There are several major elements to look for after a PBM has been on the job. Data from operations should be available 45 to 60 days from the end of a quarter, so that routine evaluation of PBM performance can be completed on an continuing basis. The HMO should concentrate on four distinct yardsticks:
Performance. Has the PBM fulfilled its contractual and fiduciary responsibilities? Have performance measures been achieved for such aspects as formulary compliance, generic utilization, per-member, per-month costs, rebate distribution, and network pharmacy reimbursement, among others? At the end of the contract period, are the costs in line with projections?
Management systems. What are the reporting capabilities available to the PBM's pharmacy managers for each market? These should include quarterly utilization reports, analyses, and executive summaries in a concise format. Information technology should include online data retrieval capabilities for the HMO, electronic prescribing, and appropriate levels of support personnel. Are the management reports in a useful format and provided on a timely basis? How responsive is the PBM to the HMO's concerns and needs?
Clinical programs. Do the PBM's online DUR programs include step-care protocols? What are the provider and patient demand management initiatives and how do these compliance programs incorporate network pharmacists? Disease management programs should extend the continuum of care beyond the physician office to the point of service for pharmaceutical care. What quality improvement programs have been implemented?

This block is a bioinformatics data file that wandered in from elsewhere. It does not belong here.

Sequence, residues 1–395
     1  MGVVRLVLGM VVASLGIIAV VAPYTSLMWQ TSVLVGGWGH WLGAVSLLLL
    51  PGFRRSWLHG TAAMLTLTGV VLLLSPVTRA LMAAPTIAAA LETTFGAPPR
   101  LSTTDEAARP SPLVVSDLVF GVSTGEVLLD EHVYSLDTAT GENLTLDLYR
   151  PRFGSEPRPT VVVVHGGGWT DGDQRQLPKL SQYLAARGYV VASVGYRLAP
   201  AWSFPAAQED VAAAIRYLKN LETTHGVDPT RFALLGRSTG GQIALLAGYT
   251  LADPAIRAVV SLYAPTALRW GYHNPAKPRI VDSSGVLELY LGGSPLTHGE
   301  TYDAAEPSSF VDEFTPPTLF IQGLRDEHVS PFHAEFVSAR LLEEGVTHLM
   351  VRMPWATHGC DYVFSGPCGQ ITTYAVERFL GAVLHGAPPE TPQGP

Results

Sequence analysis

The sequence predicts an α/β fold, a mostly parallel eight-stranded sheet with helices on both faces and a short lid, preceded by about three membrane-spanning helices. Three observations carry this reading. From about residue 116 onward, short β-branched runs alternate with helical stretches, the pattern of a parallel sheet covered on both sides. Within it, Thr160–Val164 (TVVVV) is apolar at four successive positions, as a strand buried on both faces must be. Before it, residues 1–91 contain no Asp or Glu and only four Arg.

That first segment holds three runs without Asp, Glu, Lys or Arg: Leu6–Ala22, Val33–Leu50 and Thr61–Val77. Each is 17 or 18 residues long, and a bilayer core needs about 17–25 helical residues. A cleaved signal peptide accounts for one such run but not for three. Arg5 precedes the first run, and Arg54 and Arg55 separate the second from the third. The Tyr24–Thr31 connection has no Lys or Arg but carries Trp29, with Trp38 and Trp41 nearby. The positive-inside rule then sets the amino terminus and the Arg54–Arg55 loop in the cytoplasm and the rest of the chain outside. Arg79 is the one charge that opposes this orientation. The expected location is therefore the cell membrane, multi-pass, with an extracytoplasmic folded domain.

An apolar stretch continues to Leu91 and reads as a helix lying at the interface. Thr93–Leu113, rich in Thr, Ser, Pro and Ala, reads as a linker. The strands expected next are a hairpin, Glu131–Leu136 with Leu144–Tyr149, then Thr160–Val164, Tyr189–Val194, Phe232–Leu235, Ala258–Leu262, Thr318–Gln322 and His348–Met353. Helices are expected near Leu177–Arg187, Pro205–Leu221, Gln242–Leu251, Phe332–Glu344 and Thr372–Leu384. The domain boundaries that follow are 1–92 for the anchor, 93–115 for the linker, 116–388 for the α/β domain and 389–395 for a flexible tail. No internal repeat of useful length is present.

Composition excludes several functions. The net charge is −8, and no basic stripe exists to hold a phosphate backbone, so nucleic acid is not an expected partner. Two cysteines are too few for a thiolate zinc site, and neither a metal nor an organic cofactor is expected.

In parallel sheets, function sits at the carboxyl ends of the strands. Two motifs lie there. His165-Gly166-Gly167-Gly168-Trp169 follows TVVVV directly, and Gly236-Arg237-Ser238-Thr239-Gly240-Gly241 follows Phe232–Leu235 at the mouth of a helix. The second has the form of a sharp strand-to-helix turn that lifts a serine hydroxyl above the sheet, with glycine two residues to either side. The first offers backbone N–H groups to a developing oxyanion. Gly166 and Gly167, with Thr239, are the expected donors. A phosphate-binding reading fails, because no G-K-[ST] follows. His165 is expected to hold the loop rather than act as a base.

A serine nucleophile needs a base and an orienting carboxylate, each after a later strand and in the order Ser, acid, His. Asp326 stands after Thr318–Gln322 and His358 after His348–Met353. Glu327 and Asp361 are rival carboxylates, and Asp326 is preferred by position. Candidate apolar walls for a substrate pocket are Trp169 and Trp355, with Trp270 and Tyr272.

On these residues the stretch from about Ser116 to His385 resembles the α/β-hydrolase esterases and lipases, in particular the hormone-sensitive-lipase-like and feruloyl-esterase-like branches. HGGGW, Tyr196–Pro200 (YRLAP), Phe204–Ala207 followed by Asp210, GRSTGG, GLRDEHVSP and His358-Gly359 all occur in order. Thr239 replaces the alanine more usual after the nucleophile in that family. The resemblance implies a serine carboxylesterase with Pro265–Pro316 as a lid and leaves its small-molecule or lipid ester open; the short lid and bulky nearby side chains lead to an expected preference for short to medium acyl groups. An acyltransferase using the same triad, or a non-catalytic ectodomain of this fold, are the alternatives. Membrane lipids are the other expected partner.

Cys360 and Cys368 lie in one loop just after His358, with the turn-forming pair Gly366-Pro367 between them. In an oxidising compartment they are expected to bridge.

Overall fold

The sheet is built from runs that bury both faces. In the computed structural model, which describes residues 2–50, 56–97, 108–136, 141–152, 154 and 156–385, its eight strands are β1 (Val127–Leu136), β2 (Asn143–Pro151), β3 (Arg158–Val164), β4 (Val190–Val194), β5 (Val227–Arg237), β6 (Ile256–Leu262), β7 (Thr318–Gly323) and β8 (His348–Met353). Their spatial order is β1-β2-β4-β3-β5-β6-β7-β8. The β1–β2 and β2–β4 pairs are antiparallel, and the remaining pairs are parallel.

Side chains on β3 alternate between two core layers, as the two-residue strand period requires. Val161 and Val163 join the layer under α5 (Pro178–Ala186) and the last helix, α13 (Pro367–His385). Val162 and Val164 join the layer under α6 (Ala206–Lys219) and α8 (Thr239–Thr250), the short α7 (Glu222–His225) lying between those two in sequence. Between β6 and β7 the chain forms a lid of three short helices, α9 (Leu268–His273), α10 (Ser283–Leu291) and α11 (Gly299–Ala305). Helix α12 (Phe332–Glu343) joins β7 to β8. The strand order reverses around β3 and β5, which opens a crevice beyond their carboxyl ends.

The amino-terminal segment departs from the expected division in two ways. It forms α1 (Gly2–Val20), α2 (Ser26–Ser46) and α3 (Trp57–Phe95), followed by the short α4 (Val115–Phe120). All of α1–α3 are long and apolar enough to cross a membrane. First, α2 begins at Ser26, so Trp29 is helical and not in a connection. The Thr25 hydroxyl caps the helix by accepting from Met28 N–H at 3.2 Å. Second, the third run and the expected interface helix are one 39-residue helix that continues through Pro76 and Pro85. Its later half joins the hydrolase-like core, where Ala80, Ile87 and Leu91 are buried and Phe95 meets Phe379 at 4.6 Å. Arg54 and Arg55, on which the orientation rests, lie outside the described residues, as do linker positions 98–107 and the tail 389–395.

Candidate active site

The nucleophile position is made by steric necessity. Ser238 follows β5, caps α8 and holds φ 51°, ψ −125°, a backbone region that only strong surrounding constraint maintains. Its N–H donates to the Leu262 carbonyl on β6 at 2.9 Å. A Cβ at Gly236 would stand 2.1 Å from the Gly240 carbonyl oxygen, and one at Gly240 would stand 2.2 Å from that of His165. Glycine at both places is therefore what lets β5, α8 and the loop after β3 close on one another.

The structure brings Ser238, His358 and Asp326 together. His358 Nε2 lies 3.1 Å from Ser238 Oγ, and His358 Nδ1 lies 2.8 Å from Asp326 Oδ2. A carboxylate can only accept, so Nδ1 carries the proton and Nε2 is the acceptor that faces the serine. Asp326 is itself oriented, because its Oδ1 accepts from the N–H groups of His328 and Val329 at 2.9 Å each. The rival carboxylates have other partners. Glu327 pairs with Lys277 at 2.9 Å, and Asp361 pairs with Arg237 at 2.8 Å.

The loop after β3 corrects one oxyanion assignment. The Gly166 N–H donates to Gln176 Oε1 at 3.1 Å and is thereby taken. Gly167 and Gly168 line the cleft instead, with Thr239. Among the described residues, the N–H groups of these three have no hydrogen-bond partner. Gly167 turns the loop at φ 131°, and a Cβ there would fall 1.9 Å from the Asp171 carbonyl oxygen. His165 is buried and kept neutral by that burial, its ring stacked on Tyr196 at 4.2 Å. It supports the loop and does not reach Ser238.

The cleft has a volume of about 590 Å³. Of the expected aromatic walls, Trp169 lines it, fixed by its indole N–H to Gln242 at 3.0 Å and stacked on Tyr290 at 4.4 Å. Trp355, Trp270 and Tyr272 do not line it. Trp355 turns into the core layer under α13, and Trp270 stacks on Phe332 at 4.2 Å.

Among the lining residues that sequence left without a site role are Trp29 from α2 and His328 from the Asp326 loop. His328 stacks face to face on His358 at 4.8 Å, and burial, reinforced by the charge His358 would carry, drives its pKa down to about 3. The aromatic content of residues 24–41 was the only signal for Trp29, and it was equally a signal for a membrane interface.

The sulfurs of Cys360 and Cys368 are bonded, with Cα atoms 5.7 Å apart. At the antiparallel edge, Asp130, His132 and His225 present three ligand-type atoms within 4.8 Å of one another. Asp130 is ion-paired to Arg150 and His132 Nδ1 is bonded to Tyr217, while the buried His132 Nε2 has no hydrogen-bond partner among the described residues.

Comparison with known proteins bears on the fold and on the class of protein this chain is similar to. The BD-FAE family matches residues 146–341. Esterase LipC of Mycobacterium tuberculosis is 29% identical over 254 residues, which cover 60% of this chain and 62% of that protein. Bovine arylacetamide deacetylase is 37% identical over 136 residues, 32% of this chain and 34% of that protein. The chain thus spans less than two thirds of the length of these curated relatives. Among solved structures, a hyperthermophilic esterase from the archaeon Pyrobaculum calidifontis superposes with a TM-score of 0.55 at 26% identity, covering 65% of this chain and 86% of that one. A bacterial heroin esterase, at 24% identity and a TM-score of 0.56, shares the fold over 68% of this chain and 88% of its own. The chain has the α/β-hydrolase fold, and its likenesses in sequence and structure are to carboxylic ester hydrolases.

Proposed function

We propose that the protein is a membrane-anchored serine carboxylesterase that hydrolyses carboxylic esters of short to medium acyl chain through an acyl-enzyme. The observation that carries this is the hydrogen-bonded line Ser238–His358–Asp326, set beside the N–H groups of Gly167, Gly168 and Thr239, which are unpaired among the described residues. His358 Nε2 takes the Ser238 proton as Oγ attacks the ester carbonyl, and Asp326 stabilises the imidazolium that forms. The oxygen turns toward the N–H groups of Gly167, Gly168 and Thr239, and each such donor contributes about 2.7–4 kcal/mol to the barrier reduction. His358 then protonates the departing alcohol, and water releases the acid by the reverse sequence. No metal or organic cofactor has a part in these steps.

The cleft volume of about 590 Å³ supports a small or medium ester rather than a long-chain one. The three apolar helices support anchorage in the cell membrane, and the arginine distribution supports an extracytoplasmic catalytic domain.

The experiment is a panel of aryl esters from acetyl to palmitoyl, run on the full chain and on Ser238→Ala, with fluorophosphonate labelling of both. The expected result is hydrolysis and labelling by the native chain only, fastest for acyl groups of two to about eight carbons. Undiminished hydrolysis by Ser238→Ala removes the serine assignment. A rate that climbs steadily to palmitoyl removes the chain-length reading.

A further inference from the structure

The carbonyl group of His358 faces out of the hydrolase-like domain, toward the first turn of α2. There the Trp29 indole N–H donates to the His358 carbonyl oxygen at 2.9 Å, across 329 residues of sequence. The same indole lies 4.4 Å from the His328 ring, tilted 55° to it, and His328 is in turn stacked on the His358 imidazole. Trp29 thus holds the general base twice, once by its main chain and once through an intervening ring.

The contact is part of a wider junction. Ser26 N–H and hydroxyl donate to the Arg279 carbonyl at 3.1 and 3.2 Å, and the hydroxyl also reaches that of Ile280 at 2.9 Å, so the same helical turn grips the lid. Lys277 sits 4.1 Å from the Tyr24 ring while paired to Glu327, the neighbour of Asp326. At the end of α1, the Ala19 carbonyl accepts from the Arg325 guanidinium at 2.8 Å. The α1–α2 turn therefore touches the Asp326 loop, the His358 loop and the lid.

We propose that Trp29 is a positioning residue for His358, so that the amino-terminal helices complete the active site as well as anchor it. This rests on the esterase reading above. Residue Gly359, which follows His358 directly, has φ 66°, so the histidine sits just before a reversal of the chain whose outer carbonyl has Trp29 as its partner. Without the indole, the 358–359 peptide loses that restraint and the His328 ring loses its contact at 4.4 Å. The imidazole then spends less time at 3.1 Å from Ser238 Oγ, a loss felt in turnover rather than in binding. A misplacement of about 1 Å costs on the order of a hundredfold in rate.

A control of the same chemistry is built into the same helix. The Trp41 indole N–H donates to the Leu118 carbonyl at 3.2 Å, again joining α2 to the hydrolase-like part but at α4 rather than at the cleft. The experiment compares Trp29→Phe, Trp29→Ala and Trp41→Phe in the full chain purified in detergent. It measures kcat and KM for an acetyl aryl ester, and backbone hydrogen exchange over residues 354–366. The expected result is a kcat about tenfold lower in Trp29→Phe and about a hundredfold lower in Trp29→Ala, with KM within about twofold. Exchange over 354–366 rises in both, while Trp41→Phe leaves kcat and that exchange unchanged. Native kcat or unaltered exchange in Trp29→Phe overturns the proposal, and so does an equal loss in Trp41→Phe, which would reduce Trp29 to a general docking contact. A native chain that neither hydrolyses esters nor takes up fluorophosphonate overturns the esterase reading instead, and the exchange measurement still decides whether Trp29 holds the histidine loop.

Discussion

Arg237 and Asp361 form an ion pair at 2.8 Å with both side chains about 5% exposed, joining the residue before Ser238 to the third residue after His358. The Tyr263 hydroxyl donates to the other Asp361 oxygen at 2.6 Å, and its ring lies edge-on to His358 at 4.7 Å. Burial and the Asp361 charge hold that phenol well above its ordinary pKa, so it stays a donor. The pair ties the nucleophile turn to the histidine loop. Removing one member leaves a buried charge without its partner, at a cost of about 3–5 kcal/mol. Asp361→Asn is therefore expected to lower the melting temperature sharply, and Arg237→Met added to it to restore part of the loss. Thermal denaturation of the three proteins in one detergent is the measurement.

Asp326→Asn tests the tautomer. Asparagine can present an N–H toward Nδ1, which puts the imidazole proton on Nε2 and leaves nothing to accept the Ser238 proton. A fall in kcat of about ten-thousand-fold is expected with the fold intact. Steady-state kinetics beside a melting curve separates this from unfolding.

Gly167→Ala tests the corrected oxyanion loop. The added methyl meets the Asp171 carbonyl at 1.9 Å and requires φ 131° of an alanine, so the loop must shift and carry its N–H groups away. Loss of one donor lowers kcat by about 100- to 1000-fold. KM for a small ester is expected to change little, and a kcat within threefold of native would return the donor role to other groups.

Customer satisfaction. Is customer service regularly monitored and measured for provider and patient satisfaction? Independent surveys provide an unbiased view of service levels and identify issues that produce associated costs to the HMO. Customer dissatisfaction with service often leads to complaints, grievances, or appeals, and probable disenrollment. All are associated with significant costs to the plan. Have established service quality standards been met or exceeded?
As headlines attest, the prescription drug benefit is the most highly prized and heavily used part of the health care benefit offered to HMO members — and demand has been fueled by the growth of managed care.
As more plans offer this coverage, more members receive prescriptions and the cost and complexity of providing this benefit skyrockets. In the early '90s, the cost of offering a prescription drug benefit increased at an annual rate of less than 10 percent. Now, annual increases can approach 20 percent.
To create additional savings without sacrificing quality, the member, the payer, the provider, and the health plan will have to collaborate in the provision of the pharmaceutical benefit. It used to be said that the future was pharmacy benefits with real emphasis on patient care. The future is now.
Tim Sawyers is president of Performance Managed Care Consultants Inc. He is a former director of pharmacy services for PacifiCare of Ohio. His background also includes a stint in the clinical information services/managed care administration department for Revco, the pharmacy chain. He can be reached at firstname.lastname@example.org.